Updated: Oct 21, 2019
I have a personal story about phobia. Five years ago, a zip wiring adventure high over the jungle treetops triggered a terrifying fear of heights. A few months later, and the same symptoms of sweaty palms, churning stomach and fast heart rate were back with me when driving my car over bridges and up heights. I had two options - avoid driving - or get the problem sorted.
Avoidance is the number 1 tactic that most people use when dealing with phobias. For some this works, but for most the reality is that their phobia will get worse over time, and the ability to avoid the situation is not entirely controllable, and can feel exhausting. And some people only have to think about the phobia to feel the symptoms, so avoidance is not an option here.
For me, the logical, rational part of my brain was acutely aware that driving was a necessity. I knew how to drive, but something else took hold of me and I was filled with fear that I wouldn't be able to drive at heights and my feet would simply not be able to work the pedals.
The most known treatment for phobias is called exposure therapy. This is where a therapist helps you confront your fears by gently exposing you to what causes your anxiety, in a controlled environment. The idea is that with time, the thing or situation being feared will become normalised. You've probably heard of the example of a person with a fear of spiders (arachnophobia) having treatment by entering a room full of spiders.
Hypnotherapists do not use direct exposure but rather support a gentler way of dealing with phobias, where the person uses visualisation techniques in a calmer, safer way. This reduces their anxiety which is key to the success of the treatment. Research shows that when a person is in a relaxed state, they are more able to make change by accessing the subconscious mind. In this state, a person is highly focused and more receptive to positive suggestions because they are viewing the situation from the perspective of a detached observer. They can then unlearn the automatic panic response and replace it with a more acceptable response.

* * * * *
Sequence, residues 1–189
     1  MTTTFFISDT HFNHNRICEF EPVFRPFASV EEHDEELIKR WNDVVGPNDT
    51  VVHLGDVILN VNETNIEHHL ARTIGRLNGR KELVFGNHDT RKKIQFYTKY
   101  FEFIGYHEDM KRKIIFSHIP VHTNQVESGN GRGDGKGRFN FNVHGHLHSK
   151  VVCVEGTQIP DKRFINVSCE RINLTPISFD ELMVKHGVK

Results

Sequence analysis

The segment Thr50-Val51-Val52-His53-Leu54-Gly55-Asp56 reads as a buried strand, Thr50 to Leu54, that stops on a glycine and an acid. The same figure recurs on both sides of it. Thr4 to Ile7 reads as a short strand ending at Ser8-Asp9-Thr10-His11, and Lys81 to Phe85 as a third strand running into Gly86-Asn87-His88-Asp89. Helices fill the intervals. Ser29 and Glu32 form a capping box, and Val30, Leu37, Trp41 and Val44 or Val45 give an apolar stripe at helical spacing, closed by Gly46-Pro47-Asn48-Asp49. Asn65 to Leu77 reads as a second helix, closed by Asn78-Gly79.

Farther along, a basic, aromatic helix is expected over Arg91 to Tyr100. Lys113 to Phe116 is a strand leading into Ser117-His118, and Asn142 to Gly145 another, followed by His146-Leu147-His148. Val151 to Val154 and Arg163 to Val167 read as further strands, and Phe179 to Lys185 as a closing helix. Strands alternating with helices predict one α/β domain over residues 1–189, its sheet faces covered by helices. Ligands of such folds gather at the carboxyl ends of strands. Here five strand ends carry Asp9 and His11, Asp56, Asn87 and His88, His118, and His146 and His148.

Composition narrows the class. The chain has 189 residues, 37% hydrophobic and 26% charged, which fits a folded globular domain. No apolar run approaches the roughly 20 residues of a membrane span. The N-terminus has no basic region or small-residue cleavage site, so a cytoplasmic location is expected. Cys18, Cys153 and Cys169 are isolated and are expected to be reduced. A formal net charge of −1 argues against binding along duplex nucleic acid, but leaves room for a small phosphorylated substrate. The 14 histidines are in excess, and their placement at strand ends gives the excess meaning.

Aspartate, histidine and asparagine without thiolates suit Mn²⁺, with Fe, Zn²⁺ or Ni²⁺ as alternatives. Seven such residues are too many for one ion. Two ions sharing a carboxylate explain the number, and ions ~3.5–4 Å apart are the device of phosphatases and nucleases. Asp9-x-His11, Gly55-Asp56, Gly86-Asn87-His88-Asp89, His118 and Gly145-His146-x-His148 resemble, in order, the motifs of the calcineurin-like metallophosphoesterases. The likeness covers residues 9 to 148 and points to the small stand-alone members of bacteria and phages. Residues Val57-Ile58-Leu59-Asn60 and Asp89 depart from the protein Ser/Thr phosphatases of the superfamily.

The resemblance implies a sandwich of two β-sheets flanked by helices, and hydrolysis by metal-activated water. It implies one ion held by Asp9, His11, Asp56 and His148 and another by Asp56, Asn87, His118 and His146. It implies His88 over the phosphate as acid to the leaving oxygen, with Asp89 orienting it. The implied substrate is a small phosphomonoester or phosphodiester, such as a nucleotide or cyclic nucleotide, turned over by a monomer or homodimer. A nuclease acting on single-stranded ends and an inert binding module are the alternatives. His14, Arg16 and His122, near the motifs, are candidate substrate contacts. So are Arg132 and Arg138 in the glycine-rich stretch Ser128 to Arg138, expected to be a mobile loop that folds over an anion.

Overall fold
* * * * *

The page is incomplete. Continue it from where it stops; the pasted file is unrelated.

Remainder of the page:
The typical treatment for a specific phobia is 4 sessions. Whilst hypnotherapy is not a magic wand that will erase the symptoms instantly, it does give the client a real chance to change the way they feel about the phobia and have control over it. Over time, as they practise more and more dealing with their fear, these symptoms will reduce and for some entirely disappear. A client with a fear of flying may feedback that they actually enjoyed their first flight after treatment, or feedback that the flight was manageable and they were able to watch a film or read a book. Both outcomes must surely be seen as a huge success.